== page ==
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Re: The birds vs. the pterosaurs
At 07:07 PM 05/02/01 +0000, Matthew Bonnan wrote:
"Perhaps they went extinct later,long after the mass extinction occured,
because they were aced out by the birds. Perhaps the birds made the old
flying archosaurs obsolete.
While it may be true, in the end, that birds out-competed pterosaurs, we
should remember that they existed side-by-side for tens of millions of
years. Also, we have no idea (other than guesswork) of the extent to which
they overlapped ecologically. Birds and bats coexist today, and some have
suggested that this may be primarily because bats are, generally, nocturnal
whereas relatively few birds are. Both birds and pterosaurs were quite
diverse in the Mesozoic, probably more than we realize because of the
scarcity of their fossils. Rather than birds eliminating pterosaurs across
the board, it seems more likely that, in some situations, birds prevailed
while in others they did not. It is, perhaps, instructive that the latest
known pterosaurs were much larger than any known bird; possibly something
about their internal architecture a them better adapted to large size, so
that the role of the giant flyer became uniquely their own.
>Maybe birds had different reproductive strategies than pterosaurs which,
by chance, allowed them to survive the K/T event.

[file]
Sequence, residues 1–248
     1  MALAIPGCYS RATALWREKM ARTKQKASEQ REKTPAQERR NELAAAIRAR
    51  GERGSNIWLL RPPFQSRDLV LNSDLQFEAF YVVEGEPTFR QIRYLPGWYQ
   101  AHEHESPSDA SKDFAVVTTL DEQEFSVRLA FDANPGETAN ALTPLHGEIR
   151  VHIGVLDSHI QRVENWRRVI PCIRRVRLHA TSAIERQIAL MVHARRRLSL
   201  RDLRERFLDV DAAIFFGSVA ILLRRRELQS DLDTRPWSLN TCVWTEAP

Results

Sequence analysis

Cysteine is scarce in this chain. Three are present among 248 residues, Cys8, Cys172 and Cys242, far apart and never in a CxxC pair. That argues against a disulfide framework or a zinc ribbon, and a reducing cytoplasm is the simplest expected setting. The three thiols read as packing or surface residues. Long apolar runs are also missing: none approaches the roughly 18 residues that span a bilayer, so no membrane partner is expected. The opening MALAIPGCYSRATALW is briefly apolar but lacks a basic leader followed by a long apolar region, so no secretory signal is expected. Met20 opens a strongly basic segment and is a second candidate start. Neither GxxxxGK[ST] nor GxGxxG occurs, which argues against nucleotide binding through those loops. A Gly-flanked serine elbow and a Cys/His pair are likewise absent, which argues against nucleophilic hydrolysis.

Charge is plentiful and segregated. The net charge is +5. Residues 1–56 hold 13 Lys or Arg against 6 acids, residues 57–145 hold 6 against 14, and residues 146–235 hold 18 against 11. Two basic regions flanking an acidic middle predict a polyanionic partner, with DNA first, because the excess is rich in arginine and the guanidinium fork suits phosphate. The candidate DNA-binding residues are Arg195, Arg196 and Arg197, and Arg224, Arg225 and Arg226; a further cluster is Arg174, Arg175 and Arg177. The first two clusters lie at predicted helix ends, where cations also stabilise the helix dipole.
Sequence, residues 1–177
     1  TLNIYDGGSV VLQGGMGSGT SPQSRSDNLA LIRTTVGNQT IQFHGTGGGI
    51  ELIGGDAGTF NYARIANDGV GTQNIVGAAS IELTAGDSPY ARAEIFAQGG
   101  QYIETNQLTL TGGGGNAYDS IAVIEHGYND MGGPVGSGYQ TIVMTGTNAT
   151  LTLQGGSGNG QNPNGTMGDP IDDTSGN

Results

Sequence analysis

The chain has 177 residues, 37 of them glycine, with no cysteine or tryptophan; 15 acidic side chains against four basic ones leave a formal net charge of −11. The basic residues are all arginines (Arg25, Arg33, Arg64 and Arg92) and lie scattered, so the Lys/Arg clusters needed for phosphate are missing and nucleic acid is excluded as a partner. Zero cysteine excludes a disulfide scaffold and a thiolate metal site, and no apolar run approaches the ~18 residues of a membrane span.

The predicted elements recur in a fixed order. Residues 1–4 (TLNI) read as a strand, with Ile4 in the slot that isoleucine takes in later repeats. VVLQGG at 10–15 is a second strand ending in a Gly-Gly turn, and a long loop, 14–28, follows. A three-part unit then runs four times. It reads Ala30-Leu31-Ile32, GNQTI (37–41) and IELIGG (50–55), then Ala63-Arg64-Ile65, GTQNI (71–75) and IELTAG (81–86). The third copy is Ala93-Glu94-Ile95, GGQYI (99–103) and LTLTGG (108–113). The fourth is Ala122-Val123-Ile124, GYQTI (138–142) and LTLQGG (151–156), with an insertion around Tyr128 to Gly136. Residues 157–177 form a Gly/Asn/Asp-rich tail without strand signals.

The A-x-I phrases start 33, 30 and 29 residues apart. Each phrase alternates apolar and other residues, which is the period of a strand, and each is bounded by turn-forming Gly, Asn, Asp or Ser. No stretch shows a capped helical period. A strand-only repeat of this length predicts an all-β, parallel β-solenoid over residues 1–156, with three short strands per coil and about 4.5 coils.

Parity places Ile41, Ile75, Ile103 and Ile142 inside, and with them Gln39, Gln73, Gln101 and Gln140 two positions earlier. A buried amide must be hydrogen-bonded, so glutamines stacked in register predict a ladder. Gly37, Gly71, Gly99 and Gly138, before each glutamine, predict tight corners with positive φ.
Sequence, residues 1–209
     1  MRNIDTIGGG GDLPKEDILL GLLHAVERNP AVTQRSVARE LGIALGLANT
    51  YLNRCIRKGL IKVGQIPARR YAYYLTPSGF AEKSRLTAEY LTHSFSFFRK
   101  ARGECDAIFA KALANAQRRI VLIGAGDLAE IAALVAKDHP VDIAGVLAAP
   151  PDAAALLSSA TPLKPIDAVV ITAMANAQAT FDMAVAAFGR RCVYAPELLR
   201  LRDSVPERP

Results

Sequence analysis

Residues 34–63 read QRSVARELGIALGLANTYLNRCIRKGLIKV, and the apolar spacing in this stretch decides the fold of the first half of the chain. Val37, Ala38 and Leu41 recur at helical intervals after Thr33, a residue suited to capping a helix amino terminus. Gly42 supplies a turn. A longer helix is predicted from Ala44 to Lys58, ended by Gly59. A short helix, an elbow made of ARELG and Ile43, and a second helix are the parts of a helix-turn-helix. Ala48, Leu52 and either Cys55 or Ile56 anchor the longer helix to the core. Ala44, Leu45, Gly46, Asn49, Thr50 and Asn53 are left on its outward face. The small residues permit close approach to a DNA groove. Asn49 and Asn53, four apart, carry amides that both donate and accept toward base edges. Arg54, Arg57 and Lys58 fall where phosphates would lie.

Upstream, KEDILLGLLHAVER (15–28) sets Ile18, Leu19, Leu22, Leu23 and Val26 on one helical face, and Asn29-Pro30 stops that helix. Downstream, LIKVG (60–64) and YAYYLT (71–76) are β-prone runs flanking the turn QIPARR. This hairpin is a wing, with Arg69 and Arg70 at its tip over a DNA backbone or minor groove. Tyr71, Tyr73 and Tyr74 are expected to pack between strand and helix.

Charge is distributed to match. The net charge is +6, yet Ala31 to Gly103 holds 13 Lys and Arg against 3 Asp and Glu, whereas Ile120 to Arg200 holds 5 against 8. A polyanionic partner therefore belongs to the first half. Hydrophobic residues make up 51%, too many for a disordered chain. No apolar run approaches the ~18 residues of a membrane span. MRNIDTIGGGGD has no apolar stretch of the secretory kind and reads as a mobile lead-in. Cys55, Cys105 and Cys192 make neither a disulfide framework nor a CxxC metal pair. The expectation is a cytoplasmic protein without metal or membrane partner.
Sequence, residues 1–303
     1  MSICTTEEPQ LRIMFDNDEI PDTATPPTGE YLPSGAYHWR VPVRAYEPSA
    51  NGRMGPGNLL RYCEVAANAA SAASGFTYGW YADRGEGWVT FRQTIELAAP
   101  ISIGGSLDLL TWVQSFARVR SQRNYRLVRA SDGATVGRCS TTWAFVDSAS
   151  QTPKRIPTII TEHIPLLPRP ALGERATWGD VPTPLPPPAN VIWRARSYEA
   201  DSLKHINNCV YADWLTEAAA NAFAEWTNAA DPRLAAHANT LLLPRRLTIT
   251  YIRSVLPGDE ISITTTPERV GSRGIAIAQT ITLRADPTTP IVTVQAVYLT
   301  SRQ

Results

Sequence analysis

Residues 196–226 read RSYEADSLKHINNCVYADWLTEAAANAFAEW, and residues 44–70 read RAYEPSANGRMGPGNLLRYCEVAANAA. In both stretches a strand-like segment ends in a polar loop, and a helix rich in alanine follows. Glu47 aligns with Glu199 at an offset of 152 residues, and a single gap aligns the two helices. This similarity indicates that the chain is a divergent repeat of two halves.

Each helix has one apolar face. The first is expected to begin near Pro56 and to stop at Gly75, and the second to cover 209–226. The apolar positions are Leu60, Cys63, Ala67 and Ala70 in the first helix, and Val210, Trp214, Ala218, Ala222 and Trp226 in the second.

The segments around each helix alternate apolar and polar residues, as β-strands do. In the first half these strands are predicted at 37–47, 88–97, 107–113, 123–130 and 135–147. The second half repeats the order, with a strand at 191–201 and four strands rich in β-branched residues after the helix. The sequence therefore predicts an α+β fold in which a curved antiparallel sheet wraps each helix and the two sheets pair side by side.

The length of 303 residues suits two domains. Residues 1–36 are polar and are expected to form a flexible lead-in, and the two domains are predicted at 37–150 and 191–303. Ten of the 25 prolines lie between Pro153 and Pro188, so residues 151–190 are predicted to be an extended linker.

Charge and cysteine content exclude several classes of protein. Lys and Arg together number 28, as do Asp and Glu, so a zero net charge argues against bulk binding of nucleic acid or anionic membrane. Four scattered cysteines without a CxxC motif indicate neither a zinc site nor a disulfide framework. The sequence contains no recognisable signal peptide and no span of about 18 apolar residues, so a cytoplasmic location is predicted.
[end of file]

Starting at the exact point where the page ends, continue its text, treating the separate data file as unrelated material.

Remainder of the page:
Is it actually known whether any pterosaurs even made it as far as the
K/T? Am I not correct that at least one line, the rhamphorhynchoids, did
not even survive the Jurassic, and that the group's diversity diminished
towards the end of the Cretaceous?
"Perhaps, like the corvids of today, the pterosaurs didn't change much
physically over the years, but instead "chose evolutionarily" to "work on
their brains", ie, they adapted mainly by getting smarter. ) By the mid
cretaceous, I believe the pterosaurs were the smartest thing on the
planet. You can correct me if I'm mistaken."
There is absolutely no way to determine this, of course, although I have
never heard that their brains were particularly large (though I assume they
have large optic lobes, and would certainly needed pretty good higher brain
functions to control the mechanics of flight. That certainly isn't the
same as intelligence, though.
Ronald I. Orenstein Phone: (905) 820-7886
International Wildlife Coalition Fax/Modem: (905) 569-0116
1825 Shady Creek Court
Mississauga, Ontario, Canada L5L 3W2 mailto:firstname.lastname@example.org